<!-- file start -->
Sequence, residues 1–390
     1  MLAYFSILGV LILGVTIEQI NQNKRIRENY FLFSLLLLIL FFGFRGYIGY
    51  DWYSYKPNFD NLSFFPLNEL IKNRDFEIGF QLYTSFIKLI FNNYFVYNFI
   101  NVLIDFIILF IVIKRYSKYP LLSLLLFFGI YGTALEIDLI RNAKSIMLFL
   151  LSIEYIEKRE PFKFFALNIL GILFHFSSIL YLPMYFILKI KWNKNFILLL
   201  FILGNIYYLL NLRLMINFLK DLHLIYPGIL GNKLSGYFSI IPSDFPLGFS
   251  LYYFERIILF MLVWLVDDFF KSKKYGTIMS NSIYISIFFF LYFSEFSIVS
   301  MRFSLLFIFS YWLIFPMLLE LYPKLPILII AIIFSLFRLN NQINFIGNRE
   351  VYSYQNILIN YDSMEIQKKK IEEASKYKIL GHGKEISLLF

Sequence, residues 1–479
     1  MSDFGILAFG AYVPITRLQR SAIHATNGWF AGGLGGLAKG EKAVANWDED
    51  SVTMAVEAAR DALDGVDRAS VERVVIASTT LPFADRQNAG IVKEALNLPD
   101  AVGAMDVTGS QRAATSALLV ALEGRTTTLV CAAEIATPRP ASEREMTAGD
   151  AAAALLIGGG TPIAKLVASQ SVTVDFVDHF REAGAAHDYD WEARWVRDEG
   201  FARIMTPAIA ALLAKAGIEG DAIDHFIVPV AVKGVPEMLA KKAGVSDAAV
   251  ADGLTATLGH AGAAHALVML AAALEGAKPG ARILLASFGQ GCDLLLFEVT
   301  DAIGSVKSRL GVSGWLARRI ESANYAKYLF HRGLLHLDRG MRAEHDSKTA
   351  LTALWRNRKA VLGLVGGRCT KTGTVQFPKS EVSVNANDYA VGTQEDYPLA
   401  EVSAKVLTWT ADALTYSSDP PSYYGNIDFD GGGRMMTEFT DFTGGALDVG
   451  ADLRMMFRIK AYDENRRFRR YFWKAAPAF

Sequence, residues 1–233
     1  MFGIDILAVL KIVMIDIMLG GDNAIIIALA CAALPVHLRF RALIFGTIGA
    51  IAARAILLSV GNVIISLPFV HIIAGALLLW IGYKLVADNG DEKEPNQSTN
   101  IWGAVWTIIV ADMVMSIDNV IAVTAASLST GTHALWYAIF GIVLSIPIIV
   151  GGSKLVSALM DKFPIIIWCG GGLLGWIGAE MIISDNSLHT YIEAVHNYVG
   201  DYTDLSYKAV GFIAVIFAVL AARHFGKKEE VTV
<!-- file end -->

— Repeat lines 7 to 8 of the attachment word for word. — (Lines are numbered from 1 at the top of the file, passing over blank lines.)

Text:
   251  LYYFERIILF MLVWLVDDFF KSKKYGTIMS NSIYISIFFF LYFSEFSIVS
   301  MRFSLLFIFS YWLIFPMLLE LYPKLPILII AIIFSLFRLN NQINFIGNRE